Writing grants and teaching, not to mention trying to get some actual research done, has taken up a considerable amount of my time this quarter. I mean, sheesh, I’ve barely had any time to read! This has, of course, made me grumpy. So when the publisher of The Drunkard’s Walk: How Randomness Rules Our Lives by Leonard Mlodinow offered me a review copy of the book, I was very happy. I mean, I love probability and I love, um, well….you know ?
First of all, let me say that Mlodinow’s book is preaching to the converted! A large portion of his book is devoted to showing how randomness is ubiquitous yet unrecognized and how we totally flub up understanding the role of randomness which surrounds us. Ah, these are good friends of mine! I believe both that randomness plays a greatly under appreciated role in our lives and that we humans are absolutely horrible at understanding the basics of probability (okay I’ll admit, having taught probability, that even I have to scratch my head more thinking about probability, than say, doing a classical mechanics problem. Our brain is probably wired to incorrectly deal with probabilities due to some predator chasing us up a tree. Why mine seems to be better at classical mechanics is surely, then, a mystery.) Mlodinow’s book is very well written, and passed the “didn’t irritate me” hurdle I commonly encounter when reading popular science. Its full of lots of good stories about probabilities and even made me dream about probability while I was falling asleep reading the book. The Uncertain Chad expresses similar sentiments.
Now back to that first effect, that randomness is under appreciated. This is one of the reasons I have a hard time reading the type of blog article that says “how to succeed at problem X!” where X can be “getting into grad school,” “landing a job in academia,” “getting tenure,” or any of the other many minutia that seem to waste large chunks of the academy’s collective neuron trust. Sure such advice is usually good advice, but it amazes me how little those who have succeeding in, say, landing a faculty position fail to realize that it might be possible that they got there by some amount of chance. And these said offending blog articles are full of the type of recipedic (ooh, new word!) advice which completely and totally ignores the possibility that chance might be involved.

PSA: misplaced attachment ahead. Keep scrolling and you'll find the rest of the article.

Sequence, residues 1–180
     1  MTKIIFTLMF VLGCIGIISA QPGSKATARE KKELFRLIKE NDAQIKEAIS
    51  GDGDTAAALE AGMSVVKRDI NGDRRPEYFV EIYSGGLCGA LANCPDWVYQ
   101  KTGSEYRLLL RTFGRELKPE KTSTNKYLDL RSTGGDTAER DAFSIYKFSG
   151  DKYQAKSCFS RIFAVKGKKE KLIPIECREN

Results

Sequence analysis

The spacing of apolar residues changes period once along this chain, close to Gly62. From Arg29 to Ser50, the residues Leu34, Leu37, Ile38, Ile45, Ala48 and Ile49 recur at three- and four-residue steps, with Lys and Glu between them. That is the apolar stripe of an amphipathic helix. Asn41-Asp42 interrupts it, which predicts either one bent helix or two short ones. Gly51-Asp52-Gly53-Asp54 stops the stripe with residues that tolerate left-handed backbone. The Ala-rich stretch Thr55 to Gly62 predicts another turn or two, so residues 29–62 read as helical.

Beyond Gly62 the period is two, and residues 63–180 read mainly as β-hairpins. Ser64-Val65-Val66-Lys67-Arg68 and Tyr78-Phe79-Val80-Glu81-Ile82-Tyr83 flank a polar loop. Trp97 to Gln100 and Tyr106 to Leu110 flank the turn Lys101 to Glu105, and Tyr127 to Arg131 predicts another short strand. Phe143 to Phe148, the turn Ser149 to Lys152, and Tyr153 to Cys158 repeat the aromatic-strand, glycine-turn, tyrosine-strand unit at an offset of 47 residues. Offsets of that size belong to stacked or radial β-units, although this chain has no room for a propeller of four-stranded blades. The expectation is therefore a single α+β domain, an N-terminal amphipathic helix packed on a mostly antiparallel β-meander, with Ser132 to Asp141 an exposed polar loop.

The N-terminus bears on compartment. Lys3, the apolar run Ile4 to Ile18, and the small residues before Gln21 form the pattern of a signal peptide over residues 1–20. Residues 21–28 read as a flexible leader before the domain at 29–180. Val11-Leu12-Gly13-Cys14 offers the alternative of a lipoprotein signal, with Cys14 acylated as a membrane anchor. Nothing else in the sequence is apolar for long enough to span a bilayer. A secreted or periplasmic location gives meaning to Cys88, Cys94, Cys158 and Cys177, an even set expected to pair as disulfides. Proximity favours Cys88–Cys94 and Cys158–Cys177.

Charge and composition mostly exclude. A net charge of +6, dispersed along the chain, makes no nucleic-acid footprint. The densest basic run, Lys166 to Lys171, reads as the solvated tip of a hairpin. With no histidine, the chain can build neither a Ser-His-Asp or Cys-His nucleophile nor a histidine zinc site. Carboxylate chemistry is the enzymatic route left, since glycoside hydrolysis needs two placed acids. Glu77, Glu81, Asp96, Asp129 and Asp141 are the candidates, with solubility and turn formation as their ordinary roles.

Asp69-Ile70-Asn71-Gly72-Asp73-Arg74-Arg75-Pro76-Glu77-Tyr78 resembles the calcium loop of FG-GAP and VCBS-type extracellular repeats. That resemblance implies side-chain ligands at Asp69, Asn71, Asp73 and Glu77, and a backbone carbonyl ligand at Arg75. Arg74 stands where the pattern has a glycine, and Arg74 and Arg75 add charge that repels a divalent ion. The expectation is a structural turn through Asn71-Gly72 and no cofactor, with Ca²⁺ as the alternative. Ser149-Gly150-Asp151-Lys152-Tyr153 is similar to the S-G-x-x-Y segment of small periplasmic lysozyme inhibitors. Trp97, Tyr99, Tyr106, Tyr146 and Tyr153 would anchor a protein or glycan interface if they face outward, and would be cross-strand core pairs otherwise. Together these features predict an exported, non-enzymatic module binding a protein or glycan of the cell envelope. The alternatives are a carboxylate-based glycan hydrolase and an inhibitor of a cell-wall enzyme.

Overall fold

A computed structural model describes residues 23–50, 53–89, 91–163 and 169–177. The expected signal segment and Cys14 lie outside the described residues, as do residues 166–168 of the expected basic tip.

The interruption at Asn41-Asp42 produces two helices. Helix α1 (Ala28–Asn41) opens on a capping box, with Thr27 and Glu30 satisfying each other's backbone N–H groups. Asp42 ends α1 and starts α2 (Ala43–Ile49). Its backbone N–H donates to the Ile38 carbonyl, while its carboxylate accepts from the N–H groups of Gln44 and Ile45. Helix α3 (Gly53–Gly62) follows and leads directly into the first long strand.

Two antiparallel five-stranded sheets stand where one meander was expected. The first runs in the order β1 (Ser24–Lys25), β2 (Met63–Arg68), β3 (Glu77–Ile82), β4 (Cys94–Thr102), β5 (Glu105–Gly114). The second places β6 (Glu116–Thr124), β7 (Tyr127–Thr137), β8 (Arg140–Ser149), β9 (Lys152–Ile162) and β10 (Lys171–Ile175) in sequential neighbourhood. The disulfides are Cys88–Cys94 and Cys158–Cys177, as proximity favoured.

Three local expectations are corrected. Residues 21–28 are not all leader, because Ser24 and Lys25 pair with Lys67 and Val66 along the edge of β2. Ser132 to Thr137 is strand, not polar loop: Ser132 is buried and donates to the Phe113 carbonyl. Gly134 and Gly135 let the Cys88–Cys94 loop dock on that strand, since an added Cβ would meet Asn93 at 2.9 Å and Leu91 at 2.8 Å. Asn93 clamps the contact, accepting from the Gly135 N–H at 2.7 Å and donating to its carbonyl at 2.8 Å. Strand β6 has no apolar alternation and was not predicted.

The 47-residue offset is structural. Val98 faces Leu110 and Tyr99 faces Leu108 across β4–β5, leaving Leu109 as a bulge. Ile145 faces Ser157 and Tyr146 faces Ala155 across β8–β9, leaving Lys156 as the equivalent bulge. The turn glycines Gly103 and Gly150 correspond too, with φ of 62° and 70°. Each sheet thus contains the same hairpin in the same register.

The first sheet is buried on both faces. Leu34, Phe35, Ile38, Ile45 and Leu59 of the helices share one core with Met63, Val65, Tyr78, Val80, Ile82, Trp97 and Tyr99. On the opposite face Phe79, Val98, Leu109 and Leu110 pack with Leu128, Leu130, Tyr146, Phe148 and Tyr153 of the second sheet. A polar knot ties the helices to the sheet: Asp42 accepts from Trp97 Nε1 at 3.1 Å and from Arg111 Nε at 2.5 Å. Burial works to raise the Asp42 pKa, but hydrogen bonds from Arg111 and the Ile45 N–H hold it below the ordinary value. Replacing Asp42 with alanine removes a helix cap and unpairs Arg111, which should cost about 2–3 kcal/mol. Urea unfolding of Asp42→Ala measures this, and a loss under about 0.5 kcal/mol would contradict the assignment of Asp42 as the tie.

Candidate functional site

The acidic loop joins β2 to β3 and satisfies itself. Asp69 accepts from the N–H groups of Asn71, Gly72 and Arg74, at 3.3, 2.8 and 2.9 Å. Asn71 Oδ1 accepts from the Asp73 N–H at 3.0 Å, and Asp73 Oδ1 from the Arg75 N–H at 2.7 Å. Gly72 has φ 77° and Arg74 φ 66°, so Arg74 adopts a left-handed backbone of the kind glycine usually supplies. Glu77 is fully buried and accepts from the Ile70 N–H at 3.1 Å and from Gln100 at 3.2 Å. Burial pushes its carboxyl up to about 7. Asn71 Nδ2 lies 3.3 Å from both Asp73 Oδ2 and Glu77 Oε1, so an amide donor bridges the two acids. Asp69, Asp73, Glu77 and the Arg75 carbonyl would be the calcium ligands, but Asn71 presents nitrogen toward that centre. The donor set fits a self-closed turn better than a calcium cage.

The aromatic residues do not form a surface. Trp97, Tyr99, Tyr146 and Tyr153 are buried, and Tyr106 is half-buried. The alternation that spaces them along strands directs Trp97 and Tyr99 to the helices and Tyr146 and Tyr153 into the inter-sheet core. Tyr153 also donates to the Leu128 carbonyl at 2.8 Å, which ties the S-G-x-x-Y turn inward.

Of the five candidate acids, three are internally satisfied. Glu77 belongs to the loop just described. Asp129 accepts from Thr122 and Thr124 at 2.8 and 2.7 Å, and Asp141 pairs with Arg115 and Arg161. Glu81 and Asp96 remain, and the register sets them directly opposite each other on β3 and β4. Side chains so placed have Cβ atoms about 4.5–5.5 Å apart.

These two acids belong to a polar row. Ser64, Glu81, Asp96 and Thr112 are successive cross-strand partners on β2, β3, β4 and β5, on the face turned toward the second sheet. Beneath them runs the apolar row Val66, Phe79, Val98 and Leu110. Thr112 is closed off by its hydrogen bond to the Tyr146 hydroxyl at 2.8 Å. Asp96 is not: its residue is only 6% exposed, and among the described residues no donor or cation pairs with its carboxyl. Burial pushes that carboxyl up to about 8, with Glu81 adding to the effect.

Okay, so I know: that’s blasphemy! Of course all faculty members (they of the ivory cars and ivory teeth and ivory thoughts) got their jobs because of all their hard work and dedication and sheer brilliance. And even if there was some randomness involved, those other factors surely overwhelm chance, right? Well its exactly that last statement which I find so fascinating: actually what is occurring, I think, is much like what happens in the game of tennis.
Which brings me to one of the topics about probability, not discussed by Mlodinow in his book, but which struck me at an early age through reading Game, Set and Math: Enigmas and Conundrums by Ian Stewart. Suppose there are two tennis players who each have a fixed probability of winning a rally when they serve. For instance, suppose that player one, call him Dr. Bacon, wins on serve fourty percent of the time. Suppose that the second player, call him Dr. Stuffyfacultymember, wins on serve fifty percent of the time. What do you think the probability is that Dr. Bacon wins a match of three out of five sets? The answer, it turns out is about 4.9 percent. With such close probabilities of each player winning on their serve, the game of Tennis is structured in such a way that this translates into a lopsided probability of one player winning because repeated successes are necessary to win games, repeated games are needed to win sets, and repeated sets are needed to win a match. Ever since I saw this result growing up I remember being wary of those who’ve succeeded in games that aren’t one-up events. While they may think that they are vastly superior to their competitive peers, in reality they need only be slightly better to show vastly different amounts of success.
Of course this doesn’t invalidate the advice that is given: if small differences in upping your probability of succeeding at repeated trialled events can lead to long term wins, then you should definitely follow the advice. But, just remember, the advice givers are drunken tennis players whose delusions of prowess may just be an illusion of some basic probability.